A prominent feature of Autism is the tendency to focus intensely on one activity or feature of the environment. So far, this tendency has not been understood; however, recent research may provide clues as to why Autistic individuals tend to behave this way.
In an article published in Autism Research this August, researchers measured electrical activity in the brains of research participants using EEG while they processed various stimuli. During this study, Autistic and typically developing children were allowed to watch a silent video of their choice. While they watched the video, tones and vibrations were presented periodically, either separately or at the same time. Then, the participants’ brains’ responses to these stimuli were examined through the EEG results. For the typically developing children, information from multiple senses (the tone and the vibration) was integrated in about 100-200 milliseconds, whereas the same process took the Autistic children about 310 milliseconds. In addition, the Autistic children demonstrated lower cognitive signal strength.
These findings suggest that children with Autism may have difficulty integrating information from different senses at that same time. The authors of this study suggest that children with Autism may need to intentionally direct their attention to specific stimuli in order to integrate information, while typically developing children are able to integrate information without explicit attention and effort. The authors also note that while these sensory integration delays are present in Autistic children, the information is eventually integrated and the speed at which it is integrated may improve with age.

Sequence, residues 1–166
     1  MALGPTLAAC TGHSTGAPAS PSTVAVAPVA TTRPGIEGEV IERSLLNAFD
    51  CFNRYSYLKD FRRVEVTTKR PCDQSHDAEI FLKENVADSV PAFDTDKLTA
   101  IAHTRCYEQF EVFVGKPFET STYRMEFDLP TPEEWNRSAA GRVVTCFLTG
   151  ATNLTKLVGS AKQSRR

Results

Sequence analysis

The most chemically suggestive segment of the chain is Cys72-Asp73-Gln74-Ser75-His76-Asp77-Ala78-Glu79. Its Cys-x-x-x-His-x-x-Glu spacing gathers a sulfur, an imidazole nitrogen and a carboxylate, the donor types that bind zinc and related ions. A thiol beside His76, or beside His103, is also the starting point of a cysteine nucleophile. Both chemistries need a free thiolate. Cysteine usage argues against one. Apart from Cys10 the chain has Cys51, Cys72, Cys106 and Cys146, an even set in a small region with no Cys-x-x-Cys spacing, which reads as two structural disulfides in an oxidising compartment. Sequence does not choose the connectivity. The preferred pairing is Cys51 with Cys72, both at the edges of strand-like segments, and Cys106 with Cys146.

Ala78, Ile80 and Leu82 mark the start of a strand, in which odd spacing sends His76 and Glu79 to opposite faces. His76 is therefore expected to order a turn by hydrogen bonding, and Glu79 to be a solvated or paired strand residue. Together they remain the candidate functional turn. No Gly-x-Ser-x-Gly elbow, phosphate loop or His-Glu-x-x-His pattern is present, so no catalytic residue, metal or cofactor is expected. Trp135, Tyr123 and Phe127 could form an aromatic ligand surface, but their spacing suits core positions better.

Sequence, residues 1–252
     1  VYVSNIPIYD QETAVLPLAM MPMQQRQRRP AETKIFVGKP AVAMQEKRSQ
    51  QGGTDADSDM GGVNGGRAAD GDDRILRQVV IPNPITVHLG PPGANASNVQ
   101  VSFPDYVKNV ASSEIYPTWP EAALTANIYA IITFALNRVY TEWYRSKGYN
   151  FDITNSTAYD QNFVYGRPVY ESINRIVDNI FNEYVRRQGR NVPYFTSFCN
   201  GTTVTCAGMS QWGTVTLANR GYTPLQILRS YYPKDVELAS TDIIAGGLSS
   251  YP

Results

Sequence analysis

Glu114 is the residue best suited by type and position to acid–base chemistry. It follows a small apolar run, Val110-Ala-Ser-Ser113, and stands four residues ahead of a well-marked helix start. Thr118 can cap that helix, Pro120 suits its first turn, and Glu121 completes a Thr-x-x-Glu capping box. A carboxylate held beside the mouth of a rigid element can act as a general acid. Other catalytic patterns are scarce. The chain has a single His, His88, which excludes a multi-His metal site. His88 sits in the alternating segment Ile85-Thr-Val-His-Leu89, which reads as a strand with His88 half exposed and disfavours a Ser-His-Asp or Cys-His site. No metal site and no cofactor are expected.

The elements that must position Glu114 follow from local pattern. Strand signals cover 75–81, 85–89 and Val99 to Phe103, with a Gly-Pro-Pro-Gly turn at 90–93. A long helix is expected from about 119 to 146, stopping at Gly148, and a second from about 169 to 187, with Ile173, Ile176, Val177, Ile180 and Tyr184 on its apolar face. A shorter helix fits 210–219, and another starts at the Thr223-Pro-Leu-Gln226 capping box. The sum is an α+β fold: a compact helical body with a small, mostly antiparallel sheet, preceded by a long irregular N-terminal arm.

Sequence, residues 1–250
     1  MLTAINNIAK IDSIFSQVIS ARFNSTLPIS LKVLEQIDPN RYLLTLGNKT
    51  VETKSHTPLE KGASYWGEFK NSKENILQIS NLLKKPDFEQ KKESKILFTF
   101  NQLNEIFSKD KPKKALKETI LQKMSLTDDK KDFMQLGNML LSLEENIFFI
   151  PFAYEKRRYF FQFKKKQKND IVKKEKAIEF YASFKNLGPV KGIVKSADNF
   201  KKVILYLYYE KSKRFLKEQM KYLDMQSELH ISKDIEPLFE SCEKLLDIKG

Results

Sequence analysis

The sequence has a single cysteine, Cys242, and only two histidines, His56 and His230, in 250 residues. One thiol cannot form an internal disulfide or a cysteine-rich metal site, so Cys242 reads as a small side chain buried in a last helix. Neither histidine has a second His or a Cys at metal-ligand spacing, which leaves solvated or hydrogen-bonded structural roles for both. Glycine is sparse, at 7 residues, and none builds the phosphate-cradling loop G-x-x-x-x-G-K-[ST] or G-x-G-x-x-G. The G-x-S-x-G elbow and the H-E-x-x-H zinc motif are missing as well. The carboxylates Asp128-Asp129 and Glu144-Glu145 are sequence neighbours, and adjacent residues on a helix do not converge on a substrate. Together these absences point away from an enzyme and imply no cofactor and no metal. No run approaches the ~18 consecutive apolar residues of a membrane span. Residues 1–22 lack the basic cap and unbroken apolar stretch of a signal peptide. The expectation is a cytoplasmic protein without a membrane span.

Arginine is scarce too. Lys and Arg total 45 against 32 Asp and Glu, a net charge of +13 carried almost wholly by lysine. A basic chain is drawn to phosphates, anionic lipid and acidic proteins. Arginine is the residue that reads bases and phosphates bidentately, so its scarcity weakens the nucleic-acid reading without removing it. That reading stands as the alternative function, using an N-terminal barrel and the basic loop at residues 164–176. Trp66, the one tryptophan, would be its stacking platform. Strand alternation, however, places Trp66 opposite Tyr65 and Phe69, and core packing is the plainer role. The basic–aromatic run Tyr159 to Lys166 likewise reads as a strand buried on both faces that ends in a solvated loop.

Sensory-integration therapy has become a popular therapy for children with Autism. Though it is unclear whether this form of therapy is effective, this type of research may help to clarify if or how it works. Futher, EEG studies of this type may help us to better understand the brain processes underlying the behaviors observed in Autistic children.